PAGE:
Friday 23 July 2021

Extinction of mammals on islands by introduced domestic and feral cats

When the predation of wildlife by feral and domestic cats is raised as a topic the devastating impact of cats on islands is invariably a major issue. Wildlife species on islands are particularly vulnerable because they are isolated from many of the diseases, predators and parasites that plague mammals on the mainland.

Stewart Island
Stewart Island - Photo: Getty Images / tsvibrav

Dr. Bradshaw states that island species account for 83% of all documented extinctions of mammals. However, scientists can only implicate feral cats in the destruction of wildlife on these islands in about 15% of such extinctions. And further, within that 15% of such extinctions to which the blame is only the feral cat, other introduced predators should take their share of the responsibility according to Bradshaw in his book Cat Sense.

He says that mongooses, cane toads and especially rats are equally if not more devastating than feral cats on wildlife predation. Black rats a.k.a. ship rats, it is claimed, can do more damage than any other introduced predator. It is ironic, therefore, that it may be beneficial or there are at least some benefits to not slaughtering feral cats because cats are reasonably effective hunters of black rats according to Dr. Bradshaw.

If you attempt to exterminate feral cats (as is currently the objective of Australian legislatures) you might find that the outcome is far worse than imagined in terms of the population of black rats. He cites the example of Stewart Island off the coast of New Zealand. On that island feral cats have existed for more than 200 years with an endangered flightless parrot called the kakapo (owl parrot Strigops habroptilus). The cats mainly fed on the introduced species of the brown and black rat. Those species of rat have been held responsible for the extinction of several other species of birds in the same area.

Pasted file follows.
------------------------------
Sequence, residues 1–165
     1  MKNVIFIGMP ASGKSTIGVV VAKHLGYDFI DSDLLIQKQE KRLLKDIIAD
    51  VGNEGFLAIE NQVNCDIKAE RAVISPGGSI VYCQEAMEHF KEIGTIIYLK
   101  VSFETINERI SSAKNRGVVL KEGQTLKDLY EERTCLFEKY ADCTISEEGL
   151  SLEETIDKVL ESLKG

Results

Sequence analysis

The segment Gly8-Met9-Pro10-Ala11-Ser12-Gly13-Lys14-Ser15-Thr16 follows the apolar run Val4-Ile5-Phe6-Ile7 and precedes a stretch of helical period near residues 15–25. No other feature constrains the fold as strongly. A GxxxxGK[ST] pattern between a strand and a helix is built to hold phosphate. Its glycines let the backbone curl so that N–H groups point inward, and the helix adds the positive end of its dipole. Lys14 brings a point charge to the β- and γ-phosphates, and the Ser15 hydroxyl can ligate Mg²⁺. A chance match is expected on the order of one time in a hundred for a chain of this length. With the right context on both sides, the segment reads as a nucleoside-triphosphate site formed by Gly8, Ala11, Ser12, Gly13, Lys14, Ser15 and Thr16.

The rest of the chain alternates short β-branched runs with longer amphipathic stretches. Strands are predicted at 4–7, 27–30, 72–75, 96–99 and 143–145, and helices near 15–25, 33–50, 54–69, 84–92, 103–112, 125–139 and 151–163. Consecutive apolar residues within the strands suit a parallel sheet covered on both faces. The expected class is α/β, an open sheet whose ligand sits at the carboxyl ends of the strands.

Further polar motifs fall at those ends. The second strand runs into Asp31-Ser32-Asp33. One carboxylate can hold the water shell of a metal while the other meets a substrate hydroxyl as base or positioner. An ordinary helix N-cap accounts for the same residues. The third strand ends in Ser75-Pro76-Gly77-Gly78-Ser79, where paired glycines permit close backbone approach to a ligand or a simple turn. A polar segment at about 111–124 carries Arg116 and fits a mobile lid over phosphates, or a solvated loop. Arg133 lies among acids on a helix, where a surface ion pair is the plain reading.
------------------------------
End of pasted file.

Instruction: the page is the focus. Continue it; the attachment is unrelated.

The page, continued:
Removing the cats in these places might lead to an increase in the rat population which in turn might lead to the extinction of the kakapo.

That's just an example because sometimes eradicating cats from an island can lead to a dramatic recovery in the population of certain vertebrate species. Bradshaw cites examples such as iguanas on Long Cay in the West Indies. Also, deer mice on Coronado Island in the Gulf of California.

Although, there is no doubt that the sheer number of feral cats in most places must have a significant impact on wildlife. The difficulty, as I see it, is quantifying that impact and the way that ornithologists and their organisations latch onto biased or estimated predation rates in rather poor studies to further their agenda which is to in effect kill large numbers of cats.

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